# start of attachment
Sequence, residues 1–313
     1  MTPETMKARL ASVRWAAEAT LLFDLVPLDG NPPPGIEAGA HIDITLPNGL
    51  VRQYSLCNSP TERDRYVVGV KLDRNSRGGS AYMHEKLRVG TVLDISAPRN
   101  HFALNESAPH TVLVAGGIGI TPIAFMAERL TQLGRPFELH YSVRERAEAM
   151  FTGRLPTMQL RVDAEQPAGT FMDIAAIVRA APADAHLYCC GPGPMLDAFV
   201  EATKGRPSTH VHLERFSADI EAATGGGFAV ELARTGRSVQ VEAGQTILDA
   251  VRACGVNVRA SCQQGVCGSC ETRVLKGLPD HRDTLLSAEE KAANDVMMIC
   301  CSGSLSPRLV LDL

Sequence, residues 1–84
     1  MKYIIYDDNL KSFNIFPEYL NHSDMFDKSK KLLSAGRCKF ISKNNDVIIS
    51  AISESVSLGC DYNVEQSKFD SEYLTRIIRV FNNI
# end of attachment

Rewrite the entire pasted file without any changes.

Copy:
Sequence, residues 1–313
     1  MTPETMKARL ASVRWAAEAT LLFDLVPLDG NPPPGIEAGA HIDITLPNGL
    51  VRQYSLCNSP TERDRYVVGV KLDRNSRGGS AYMHEKLRVG TVLDISAPRN
   101  HFALNESAPH TVLVAGGIGI TPIAFMAERL TQLGRPFELH YSVRERAEAM
   151  FTGRLPTMQL RVDAEQPAGT FMDIAAIVRA APADAHLYCC GPGPMLDAFV
   201  EATKGRPSTH VHLERFSADI EAATGGGFAV ELARTGRSVQ VEAGQTILDA
   251  VRACGVNVRA SCQQGVCGSC ETRVLKGLPD HRDTLLSAEE KAANDVMMIC
   301  CSGSLSPRLV LDL

Sequence, residues 1–84
     1  MKYIIYDDNL KSFNIFPEYL NHSDMFDKSK KLLSAGRCKF ISKNNDVIIS
    51  AISESVSLGC DYNVEQSKFD SEYLTRIIRV FNNI